Some seed fell on rocky ground where the soil was not deep, and then, when confronted by tribulation or persecutionbecause of the Word, those non-deep folks immediately fall away.

The rocky ground represents a hardness of heart. St. Thomas Aquinas says: 

Hardness of heart is contrary to charity, for it is in the nature of love to melt things. Hardness means “locked up in itself” or “narrowed within its own limits,” and love, since it causes the lover to be moved to what he loves, is a thing that liberates, widens, and pours itself out.

Jesus understands that often what causes us to become locked up in ourselves is the insecurity and sadness caused by the experience of our own nothingness. The Word speaks words like these to keep us from living on the surface:

  • Take courage! It is I. Do not be afraid!
  • Do not let your heart be troubled. Peace I give you. My peace I leave you.
  • I do will it — be cured.
  • Whatever you shall ask in my name, that will I do
  • The very hairs of your head are all numbered!
  • Your sorrow will be turned into joy.
  • Take heart! I have overcome the world.

The thorns

The thorns represent the “worldy anxieties” that we let dominate: “cares that we cultivate almost addictively and compulsively in order to keep ourselves busy about ostensibly important matters, so as to give our lives meaning and to avoid having to trust God absolutely” (Erasmo Leiva-Merikakis). When this kind of nothingness gets the better of us, we in effect choke the Word of God, and it bears no fruit in our life.

Some of the seeds that the Word lets fall among the thorniness of our life so as to save us from our fallenness are these:

  • Neither do I condemn you; go, and sin no more!
  • Come to me, all you who are weary and find life burdensome, and I will refresh you.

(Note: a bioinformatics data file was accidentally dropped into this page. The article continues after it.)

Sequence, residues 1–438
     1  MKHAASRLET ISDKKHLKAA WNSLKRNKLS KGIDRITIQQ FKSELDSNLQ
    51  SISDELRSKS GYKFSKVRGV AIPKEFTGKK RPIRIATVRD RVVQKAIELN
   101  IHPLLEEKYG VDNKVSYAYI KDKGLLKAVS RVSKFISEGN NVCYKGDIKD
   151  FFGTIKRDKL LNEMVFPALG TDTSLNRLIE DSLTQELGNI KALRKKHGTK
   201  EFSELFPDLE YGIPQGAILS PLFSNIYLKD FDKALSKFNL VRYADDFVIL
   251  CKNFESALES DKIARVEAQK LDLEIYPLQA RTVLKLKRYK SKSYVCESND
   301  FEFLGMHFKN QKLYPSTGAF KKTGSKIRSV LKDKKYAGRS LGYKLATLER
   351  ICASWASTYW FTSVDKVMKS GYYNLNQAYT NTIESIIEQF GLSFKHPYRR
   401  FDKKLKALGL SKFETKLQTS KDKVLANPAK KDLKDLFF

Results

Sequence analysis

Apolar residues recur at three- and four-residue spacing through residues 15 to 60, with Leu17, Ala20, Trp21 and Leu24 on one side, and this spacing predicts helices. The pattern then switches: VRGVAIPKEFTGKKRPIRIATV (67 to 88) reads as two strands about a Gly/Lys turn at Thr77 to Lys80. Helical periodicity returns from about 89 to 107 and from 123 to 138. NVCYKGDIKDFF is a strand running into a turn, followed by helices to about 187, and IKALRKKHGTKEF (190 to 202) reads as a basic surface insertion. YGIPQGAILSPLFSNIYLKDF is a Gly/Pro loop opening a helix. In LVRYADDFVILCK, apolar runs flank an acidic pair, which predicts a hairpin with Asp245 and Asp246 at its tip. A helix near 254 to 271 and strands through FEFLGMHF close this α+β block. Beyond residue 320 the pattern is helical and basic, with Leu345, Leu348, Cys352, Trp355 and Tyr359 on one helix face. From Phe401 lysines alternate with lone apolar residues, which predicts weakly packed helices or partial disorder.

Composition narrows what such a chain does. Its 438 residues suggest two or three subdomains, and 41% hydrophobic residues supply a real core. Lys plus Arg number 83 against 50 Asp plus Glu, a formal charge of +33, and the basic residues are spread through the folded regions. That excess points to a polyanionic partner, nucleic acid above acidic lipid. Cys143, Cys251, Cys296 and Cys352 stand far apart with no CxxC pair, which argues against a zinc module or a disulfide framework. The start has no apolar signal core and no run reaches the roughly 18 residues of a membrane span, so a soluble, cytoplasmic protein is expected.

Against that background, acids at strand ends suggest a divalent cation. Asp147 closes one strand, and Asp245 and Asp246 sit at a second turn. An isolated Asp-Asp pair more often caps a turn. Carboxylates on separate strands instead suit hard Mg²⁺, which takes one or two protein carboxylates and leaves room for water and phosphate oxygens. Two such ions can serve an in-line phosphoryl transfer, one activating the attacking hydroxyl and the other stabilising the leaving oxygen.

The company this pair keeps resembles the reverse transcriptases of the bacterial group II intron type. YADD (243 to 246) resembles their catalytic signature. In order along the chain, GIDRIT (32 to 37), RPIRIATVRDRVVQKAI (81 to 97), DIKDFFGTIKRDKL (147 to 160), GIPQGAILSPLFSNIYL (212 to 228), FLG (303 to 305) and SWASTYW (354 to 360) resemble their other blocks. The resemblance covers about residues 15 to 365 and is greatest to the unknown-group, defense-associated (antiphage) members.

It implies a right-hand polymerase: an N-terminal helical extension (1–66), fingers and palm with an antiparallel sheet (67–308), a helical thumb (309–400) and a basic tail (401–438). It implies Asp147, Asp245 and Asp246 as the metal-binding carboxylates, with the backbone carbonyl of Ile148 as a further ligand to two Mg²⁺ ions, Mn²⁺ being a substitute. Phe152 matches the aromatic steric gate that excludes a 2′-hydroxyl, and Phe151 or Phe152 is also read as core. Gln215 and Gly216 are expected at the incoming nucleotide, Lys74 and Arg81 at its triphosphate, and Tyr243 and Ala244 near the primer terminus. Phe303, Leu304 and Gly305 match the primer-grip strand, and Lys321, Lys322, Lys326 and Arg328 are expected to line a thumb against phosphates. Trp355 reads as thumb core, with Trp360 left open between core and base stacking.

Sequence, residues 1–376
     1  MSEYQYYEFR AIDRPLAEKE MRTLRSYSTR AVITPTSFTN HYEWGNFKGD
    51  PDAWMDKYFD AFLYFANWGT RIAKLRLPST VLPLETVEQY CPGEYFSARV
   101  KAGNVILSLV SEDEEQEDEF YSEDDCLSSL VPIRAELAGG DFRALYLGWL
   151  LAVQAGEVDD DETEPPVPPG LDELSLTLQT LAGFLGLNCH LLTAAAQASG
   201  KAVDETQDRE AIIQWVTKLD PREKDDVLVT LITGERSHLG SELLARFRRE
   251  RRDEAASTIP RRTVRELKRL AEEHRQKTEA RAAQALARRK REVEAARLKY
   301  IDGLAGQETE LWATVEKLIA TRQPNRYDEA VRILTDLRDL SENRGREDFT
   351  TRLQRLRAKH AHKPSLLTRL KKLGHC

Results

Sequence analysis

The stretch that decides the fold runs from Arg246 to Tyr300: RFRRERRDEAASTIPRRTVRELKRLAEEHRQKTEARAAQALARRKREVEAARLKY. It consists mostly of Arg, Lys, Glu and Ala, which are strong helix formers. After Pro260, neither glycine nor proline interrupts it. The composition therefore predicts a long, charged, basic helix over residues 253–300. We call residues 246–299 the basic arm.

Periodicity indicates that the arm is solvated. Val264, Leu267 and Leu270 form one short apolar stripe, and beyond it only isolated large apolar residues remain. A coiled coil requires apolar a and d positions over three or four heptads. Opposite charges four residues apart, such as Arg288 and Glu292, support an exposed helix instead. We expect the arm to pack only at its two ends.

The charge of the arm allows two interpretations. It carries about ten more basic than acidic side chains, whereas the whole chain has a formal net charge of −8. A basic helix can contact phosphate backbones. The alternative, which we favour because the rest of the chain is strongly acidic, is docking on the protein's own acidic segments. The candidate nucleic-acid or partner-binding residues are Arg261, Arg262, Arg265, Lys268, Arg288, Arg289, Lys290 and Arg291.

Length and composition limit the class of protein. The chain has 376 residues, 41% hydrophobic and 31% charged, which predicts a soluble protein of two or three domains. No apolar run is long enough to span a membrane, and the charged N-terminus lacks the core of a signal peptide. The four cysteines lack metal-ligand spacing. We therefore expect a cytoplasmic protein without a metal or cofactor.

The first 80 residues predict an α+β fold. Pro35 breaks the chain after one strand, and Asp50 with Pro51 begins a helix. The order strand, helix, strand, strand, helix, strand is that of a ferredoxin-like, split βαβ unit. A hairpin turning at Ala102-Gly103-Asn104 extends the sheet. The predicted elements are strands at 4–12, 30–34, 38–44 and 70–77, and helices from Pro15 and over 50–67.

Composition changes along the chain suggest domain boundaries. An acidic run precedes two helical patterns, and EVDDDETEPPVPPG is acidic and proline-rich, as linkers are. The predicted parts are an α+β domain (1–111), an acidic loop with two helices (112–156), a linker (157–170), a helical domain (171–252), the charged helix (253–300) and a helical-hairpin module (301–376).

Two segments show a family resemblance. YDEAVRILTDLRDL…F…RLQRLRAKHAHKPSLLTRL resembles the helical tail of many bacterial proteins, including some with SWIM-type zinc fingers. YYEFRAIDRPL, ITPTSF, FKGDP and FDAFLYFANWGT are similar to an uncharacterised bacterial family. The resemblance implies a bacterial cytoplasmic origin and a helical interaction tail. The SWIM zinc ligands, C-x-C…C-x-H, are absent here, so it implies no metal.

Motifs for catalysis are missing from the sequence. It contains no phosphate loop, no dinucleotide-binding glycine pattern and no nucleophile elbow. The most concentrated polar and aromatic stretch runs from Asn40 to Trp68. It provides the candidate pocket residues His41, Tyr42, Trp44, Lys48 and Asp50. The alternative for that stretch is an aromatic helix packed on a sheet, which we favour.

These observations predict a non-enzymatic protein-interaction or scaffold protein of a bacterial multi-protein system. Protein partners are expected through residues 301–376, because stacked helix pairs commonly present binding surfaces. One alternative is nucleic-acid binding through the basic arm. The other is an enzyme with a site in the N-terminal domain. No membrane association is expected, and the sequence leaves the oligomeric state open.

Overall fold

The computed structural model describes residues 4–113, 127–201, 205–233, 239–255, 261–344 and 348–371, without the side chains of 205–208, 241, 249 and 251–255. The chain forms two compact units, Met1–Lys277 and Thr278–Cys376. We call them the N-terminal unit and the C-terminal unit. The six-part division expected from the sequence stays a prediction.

• Take my yoke upon your shoulders and learn from me, for I am gentle and humble of heart. Yours souls will find rest, for my yoke is easy and my burden light.
  • Come and share your Master’s joy.

Mary, the good soil

St. Thomas Aquinas tells us that “for the growth of the seed, three conditions are necessary, namely, it must be remembered, it must take root in love, and it must have loving care.” And no one exemplifies those three conditions more than does the Blessed Virgin Mary. It is not surprising that the Church’s great mystical writers understand the good soil of the parable to be a symbol of the Blessed Virgin Mary. We join St. Bridget of Sweden in venerating the Mother of God: 

O my Lady, blessed be your most blessed womb above all fruitfully sprouting fields. Just as the seed that has fallen upon good ground brings forth for its owner fruit a hundredfold, even so your womb, a virgin-womb and yet most fertile, brought forth for God the Father blessed fruit, more than a thousandfold. The blessed and fertile fruit of the little field of your womb caused high honor for God in heaven, rejoicing for the angels, and, for humans on earth, a lavish flow of sustenance and life.


Find Fr. Peter John Cameron’s reflection on the Sunday Gospel each week here.